The league typically sends out its MLB Green Teams to encourage recycling throughout the World Series, but the Phillies have been doing that throughout the past two seasons with their own Red Goes Green Teams.
"Everyone in our organization, all the employees -- every day, we're looking for new ideas," said Phillies coordinator of marketing initiatives Mary Ann Gettis. "Any way that we can help the environment."
Since 2008, the Phillies have been the only carbon-neutral Major League team. They purchased 20 million kilowatt-hours of Green-e Energy Certified Renewable Energy certificates this year, equivalent to planting 100,000 trees.
They developed a Recyling Center for use by all departments and, for fans, have 35 oversized recyclable containers throughout Citizens Bank Park. And that doesn't include Phil the Can, a talking robotic can that encourages the Phillies' youngest fans to recycle.
All told, the organization's recycling rate was around 16 to 17 percent, collecting roughly 210 tons through August.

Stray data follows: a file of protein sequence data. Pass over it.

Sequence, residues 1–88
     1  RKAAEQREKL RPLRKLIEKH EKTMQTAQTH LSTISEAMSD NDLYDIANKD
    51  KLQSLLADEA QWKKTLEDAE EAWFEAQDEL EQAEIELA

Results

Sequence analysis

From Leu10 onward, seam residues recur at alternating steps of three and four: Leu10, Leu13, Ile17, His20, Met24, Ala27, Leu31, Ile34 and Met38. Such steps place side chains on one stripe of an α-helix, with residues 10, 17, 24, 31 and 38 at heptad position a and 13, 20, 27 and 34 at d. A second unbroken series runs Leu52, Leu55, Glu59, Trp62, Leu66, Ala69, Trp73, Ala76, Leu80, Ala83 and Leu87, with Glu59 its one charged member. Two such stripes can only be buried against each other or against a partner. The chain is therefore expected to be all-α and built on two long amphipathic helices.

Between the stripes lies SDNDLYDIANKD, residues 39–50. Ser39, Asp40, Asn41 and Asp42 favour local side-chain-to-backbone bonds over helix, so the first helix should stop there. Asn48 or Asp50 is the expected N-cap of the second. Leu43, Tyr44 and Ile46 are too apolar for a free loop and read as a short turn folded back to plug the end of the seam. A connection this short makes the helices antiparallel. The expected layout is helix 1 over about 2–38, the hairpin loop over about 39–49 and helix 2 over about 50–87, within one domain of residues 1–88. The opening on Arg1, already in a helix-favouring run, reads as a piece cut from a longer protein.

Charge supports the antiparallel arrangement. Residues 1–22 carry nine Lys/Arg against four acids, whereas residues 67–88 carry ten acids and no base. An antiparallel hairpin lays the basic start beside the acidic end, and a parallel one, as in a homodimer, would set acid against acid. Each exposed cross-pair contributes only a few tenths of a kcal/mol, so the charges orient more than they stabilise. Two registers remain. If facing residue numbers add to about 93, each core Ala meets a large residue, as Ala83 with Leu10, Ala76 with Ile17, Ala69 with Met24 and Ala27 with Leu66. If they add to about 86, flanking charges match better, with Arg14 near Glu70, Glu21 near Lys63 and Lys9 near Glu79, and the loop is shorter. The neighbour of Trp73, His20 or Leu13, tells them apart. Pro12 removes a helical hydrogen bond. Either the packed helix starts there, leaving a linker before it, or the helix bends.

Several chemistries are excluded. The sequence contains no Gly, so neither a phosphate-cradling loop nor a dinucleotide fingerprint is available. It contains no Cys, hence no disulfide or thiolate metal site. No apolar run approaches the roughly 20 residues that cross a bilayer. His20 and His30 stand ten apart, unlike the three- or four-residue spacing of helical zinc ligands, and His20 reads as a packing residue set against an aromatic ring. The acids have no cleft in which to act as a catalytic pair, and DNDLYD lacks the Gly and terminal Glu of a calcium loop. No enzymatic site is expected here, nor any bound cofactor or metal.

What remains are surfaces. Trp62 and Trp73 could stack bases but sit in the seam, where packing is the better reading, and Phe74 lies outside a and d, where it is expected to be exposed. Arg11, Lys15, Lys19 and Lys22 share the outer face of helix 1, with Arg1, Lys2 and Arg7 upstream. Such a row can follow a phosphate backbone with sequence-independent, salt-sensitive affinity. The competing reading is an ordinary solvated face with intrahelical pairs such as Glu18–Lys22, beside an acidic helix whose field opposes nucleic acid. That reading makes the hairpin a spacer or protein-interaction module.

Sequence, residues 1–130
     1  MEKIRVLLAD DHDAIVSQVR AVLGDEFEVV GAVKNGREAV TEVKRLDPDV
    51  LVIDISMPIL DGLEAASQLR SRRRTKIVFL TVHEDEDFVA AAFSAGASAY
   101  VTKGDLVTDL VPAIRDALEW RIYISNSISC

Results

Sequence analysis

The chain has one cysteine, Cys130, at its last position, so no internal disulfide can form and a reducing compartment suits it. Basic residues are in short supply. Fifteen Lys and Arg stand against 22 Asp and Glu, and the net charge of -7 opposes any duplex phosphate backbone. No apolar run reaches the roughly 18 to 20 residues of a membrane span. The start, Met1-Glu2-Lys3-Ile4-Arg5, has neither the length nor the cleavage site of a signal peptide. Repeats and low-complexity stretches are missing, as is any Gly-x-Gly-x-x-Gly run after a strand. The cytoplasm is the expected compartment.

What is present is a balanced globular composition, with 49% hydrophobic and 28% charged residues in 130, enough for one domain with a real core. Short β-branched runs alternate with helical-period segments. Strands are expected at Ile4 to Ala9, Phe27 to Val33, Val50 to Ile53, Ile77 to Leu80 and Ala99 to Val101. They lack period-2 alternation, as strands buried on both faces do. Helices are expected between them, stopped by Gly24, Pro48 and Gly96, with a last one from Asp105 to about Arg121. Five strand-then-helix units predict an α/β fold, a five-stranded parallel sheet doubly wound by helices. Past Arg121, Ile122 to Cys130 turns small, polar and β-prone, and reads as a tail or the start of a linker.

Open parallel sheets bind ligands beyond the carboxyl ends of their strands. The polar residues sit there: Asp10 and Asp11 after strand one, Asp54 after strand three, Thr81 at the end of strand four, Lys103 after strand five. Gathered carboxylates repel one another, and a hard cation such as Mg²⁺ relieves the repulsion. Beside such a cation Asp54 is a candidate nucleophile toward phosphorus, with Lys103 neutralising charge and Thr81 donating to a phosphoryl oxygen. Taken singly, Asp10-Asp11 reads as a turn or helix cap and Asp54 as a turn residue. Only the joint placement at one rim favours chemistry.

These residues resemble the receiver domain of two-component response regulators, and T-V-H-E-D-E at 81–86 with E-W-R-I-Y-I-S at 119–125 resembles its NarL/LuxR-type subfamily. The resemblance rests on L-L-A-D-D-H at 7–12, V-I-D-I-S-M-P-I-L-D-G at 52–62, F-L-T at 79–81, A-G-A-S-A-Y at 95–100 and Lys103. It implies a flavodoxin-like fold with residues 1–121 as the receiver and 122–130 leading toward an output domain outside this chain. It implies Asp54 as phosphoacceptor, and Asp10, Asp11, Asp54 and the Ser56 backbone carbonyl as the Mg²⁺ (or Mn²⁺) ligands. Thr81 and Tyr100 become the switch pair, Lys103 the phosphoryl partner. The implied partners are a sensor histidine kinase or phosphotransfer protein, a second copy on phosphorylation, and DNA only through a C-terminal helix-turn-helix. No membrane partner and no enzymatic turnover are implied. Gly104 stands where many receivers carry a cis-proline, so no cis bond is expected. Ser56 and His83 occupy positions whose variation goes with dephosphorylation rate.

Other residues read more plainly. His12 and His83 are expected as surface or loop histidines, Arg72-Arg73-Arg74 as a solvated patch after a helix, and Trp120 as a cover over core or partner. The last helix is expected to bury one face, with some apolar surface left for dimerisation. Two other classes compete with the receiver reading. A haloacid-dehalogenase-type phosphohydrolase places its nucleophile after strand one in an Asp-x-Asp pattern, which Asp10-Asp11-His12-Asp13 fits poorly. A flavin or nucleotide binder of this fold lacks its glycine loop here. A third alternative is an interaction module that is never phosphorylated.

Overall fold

Sometimes, the Phillies implement fan suggestions. One nurse at the Children's Hospital of Pennsylvania, for instance, suggested recycling bottle caps that were normally discarded. By reaching out to a local recycling center, the organization was able to help the environment and raise money for CHOP.
Working with their food distributor, Aramark, and with local community groups, the Phillies found an appropriate use for the cooked items that remain unsold at the end of each game. The club signed on for Rock and Wrap it Up! to donate the food to those in need.
Among other initiatives: All tickets are printed on paper that is made from 10% post-consumer content; customer retail bags are made from biodegradable plastic; eating utensils are made from vegetable-based biodegradable products; carry-out trays are 100-percent post-consumer fiber; the grounds grew uses organic fertilizer; the Diamond Club and Majestic Clubhouse Store now use LED lighting; and frying oil is recycled into bio-diesel fuel.
David Gurian-Peck is an associate reporter for MLB.com. This story was not subject to the approval of Major League Baseball or its clubs.